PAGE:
3.50      A report based on the results of the fact–finding team was presented to the Minister on Friday, 11 June, with supplementary material delivered on the Sunday. Senator Hill explained that at the time there were two different tasks:

One was a task set for Mr Pezzullo by the secretary, which resulted in a brief to me, which people have been referring to. That was basically an information gathering and collating exercise. The second task, which was one that was given to me by the Prime Minister, was to inform the Senate of a number of different matters, as specified by the Prime Minister. I had to interpret that and satisfy myself that the statement that I was going to make—what I did was add to the questions that I had answered on 11 May—met the Prime Minister’s requirements. So there is an element of overlap in that regard.[92]

3.51      Mr Barton's interview was not included in the report. Mr Pezzullo stated: 'the secretary and the CDF signed a covering ministerial advice on the 11th and we worked flat chat to make sure that all the supplementary documents were appended...on the 14th at the latest'.[93]

3.52      On 16 June, the Minister, in providing additional information to questions asked in the Senate on 11 May, made clear that Defence had thoroughly reviewed the information available to it and had confirmed the following three key facts:

3.53      Mr Pezzullo dictated or drafted out in longhand the record of the interview with Mr Barton about 11 June and about the 12th or the 13th circulated it to very senior officers. It was consistent with the answers given in the survey return of 25 May except for the new matter in the form of a 'note for file' dealing with the death in custody of Dr Azmerli.[95]

3.54      The record of interview was provided to Mr Barton on 17 June. According to Mr Barton 'there were some things that I felt were missing from that record, including the fact that I had reported the abuse to the defence department in March'.

3.55      Mr Barton rang Mr Pezzullo on 17 June to voice his annoyance with Senator Hill's statement of the previous day. He told the committee that although he does not get angry very often:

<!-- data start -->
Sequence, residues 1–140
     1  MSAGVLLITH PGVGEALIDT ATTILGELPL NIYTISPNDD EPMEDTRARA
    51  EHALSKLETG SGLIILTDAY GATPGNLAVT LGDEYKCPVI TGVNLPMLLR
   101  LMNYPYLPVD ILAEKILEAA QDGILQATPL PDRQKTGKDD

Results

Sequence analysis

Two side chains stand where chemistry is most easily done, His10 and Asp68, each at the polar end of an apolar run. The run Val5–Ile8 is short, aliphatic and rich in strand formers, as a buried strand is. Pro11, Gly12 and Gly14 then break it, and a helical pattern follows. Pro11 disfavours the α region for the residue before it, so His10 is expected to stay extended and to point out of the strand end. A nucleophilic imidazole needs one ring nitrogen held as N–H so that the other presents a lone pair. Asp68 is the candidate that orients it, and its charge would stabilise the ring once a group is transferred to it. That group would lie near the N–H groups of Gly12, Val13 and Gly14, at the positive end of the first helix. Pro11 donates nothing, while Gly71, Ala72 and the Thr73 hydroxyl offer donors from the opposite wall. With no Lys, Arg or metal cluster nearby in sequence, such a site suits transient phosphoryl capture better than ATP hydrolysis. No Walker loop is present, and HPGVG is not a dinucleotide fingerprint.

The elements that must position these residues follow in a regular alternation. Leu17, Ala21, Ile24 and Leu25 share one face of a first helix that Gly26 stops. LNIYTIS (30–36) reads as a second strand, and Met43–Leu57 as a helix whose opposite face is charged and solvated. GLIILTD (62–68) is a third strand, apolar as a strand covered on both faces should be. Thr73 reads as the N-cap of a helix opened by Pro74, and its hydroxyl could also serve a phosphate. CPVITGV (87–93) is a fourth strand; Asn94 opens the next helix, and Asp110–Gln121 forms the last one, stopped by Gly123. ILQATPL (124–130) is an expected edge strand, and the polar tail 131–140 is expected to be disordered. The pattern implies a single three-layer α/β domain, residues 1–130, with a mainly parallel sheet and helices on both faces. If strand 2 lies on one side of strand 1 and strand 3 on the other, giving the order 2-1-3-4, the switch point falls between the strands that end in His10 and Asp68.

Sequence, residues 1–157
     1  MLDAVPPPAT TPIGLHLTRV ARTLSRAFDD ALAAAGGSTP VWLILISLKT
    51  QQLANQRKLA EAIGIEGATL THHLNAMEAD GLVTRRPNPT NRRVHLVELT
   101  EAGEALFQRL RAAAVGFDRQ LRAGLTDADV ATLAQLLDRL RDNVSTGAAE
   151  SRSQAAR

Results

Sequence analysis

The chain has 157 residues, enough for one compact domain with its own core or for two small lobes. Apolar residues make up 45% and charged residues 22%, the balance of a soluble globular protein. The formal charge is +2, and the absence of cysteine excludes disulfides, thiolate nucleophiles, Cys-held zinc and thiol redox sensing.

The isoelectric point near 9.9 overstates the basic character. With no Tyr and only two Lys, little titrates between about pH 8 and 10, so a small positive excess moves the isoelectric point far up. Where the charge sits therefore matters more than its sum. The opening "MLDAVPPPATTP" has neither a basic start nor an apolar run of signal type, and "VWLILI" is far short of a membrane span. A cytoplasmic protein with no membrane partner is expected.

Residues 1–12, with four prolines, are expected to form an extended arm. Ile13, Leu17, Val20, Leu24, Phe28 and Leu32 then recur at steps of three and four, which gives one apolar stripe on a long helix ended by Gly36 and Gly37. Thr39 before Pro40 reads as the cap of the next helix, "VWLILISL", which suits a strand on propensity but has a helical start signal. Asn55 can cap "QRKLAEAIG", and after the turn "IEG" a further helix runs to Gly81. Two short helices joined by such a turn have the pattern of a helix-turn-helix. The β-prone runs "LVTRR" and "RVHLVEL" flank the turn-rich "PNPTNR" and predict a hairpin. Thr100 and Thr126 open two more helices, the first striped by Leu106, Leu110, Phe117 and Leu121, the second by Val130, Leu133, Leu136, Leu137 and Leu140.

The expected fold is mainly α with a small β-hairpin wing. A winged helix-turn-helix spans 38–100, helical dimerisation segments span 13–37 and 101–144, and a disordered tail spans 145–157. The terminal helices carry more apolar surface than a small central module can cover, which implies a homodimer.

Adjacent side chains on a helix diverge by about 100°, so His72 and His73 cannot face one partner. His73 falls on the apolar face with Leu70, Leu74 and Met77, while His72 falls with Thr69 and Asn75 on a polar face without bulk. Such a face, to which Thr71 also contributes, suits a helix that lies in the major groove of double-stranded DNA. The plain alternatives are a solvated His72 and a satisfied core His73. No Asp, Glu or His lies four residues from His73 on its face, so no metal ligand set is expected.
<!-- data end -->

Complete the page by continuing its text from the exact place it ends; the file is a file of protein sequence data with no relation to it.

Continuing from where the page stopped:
I rang him because I was annoyed with Senator Hill’s statement that we had not been involved with interrogations. In fact—putting that aside, as it is the lesser of the matters—I said to him that I was also not happy that he had not referred to my reporting of prisoner abuse, which I had first reported back in March that year and then given the full testimony on 9 June to Mr Pezzullo; he had not referred to that prisoner abuse that I had referred to.[96]

3.56      Mr Barton said that he talked with Mr Pezzullo about the reference to Abu Ghraib and that there was no reference to Camp Cropper. He stated:

But I said the whole implication of that statement was that we had nothing to do with the prisoners. The words could have been carefully selected to refer only to Abu Ghraib, and there was another place where it referred to ADF or something. I said, 'In my view, that was misleading when I have provided you with this information'. That is when he said, 'I will talk to the minister and let him know your views'.[97]

3.57      Mr Pezzullo noted that Mr Barton did not amend the term 'interview' which from his 25 May questionnaire is repeated in his June statement of interview.[98]

3.58      Based on interviews with Mr Barton, Defence, following advice from the Minister, notified the US Ambassador about Mr Barton's concerns particularly the circumstances of Dr Azmerli's death.[99] According to Mr Smith, the trigger for writing the letter was the concern over whether Mr Barton had knowledge of Dr Azmerli's death in custody and of prisoners who had facial injuries that might be consistent with softening up and interrogation.[100]

3.59      According to Mr Smith, an agent from one of the United States armed forces investigatory units was sent to Australia and he interviewed Mr Barton.[101] Mr Bonighton, Deputy Secretary Intelligence and Security, stated that the investigator came in August [19 August] to interview Mr Barton.[102]

3.60      On 25 November 2004, Mr Bonighton informed Mr Barton 'about the informal report that [had] been referred to by the investigator as to his interview'. He explained:

I do not think he [Mr Barton] was happy with the way that had gone, because once again we had the problem where the investigator, certainly from my understanding, believed that he had no direct knowledge of the events. I think Mr Barton was hoping for something more positive than that to come out of the particular interview'.[103]